Welcoming the newest Washingtonian

Dear Readers,

There’s an eight-pound, eleven ounce reason why you won’t be hearing from me for a few weeks. My wife and I welcomed a beautiful baby girl into the world on Monday, which means I’ll be swapping the early starts and ear-piercing screams that pass for politics at the moment for, well, even earlier starts and a more excusable sort of ear-piercing scream. I look forward to writing for you again soon. Until then, my Spectator colleagues will be filing in.

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The Sturm und Drang over Roe v. Wade

For the next month, the DC Diary will be written by a rotating cast of Spectator editors. Today’s author is Matt Purple.

The fallout continues in Washington over the stunning Supreme Court leak of Samuel Alito’s opinion overturning Roe v. Wade.

First to SCOTUS itself, where Chief Justice John Roberts has announced an investigation into the fiasco. Time will tell who the culprit is, but partisans on both sides are already pointing fingers at each other. Conservatives insist a left-leaning clerk, likely from Sonia Sotomayor’s office, sprang the leak in order to spite the whole institution, while some liberals wonder whether a conservative clerk was trying to pressure any members of that initial 5-4 majority who might be wavering under pressure from the more moderate Roberts.

Whatever the case, it’s clear that the credibility of the most trusted branch of government has taken a blow. And so to the least trusted branch of government, Congress, where irate Democrats are calling for legal abortion to be codified into federal law. This would prevent any overturning of Roe from throwing the issue back to the states. Several of those states have trigger laws that would ban abortion immediately, while several more have prior bans on abortion in place that could still take effect.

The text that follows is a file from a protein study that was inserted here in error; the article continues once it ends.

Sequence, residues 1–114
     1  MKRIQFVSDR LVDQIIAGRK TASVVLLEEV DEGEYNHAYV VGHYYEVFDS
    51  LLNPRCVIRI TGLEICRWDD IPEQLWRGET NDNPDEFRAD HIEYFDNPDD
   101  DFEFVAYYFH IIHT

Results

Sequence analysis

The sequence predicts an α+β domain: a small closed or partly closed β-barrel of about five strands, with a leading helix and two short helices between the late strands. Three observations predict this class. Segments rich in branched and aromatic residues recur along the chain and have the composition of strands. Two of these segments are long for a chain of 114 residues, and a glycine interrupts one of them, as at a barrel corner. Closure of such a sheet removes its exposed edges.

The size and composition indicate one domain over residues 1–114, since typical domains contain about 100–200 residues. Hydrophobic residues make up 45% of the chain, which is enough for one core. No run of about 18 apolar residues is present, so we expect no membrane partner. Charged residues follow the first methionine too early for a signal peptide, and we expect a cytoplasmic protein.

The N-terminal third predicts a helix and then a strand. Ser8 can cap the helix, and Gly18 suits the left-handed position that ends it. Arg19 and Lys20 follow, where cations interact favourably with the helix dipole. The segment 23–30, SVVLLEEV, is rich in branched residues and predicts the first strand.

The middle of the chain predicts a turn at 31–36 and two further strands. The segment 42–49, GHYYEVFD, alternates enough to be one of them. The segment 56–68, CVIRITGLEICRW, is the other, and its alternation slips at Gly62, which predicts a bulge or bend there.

If Roe does indeed fall, then it would touch off a long and grueling culture war-cum-political fight. But this much is clear: that fight is not going to be resolved in the present Congress. Democratic Senators Joe Manchin and Kyrsten Sinema have already ruled out axing the filibuster so Roe could be enshrined with 51 votes. And even then, it’s not clear Democrats could even get to 51. When Chuck Schumer brought a similar bill to the Senate floor back in March, Manchin joined the Republicans in opposition. Pro-choice Republicans Susan Collins and Lisa Murkowski might yet be courted, but that’s a big “if.”

No less than White House Press Secretary Jen Psaki has said Congress doesn’t have the votes. That means abortion will most likely go back to the states. And that means the midterms are about to get a whole lot more interesting.

Vance wins in Ohio and Trump wins all

Ohio and Indiana both held primaries last night, and the biggest winner was J.D. Vance, who walked away with the Republican nomination to fill the retiring Senator Bob Portman’s seat. That race was often clownish, as I chronicle in my latest column, but Vance deserves credit at least for triumphing in a wide field.

Vance’s win was also good for Peter Thiel, the PayPal billionaire who’s trying to finance the next generation of populist Republicans. All eyes now turn to Arizona, where Blake Masters, another firebrand and president of Thiel’s foundation, will be vying for that state’s GOP Senate primary on August 2.

Also feeling good this morning is Donald Trump. He endorsed 22 candidates in last night’s primaries. All of them won.

What you should be reading today

Micah Mattix: What happens after Roe?
Matt Purple: The Real Housecucks of Ohio
James Snell: Where will the war in Ukraine go next?
Alexandra DeSanctis, National Review: What Americans really think about abortion
Tiana Lowe, Washington Examiner: JD Vance initiates the GOP’s purge of the neocons
Ross Douthat, New York Times: What was the strategy behind the Supreme Court’s leak?

Poll watch

President Biden Job Approval
Approve: 43.3 percent
Disapprove: 52.3 percent
Net approval: -9.0 (RCP Average)

2022 Congressional Party Vote
Republicans: 46 percent
Democrats: 39 percent (Fox News)

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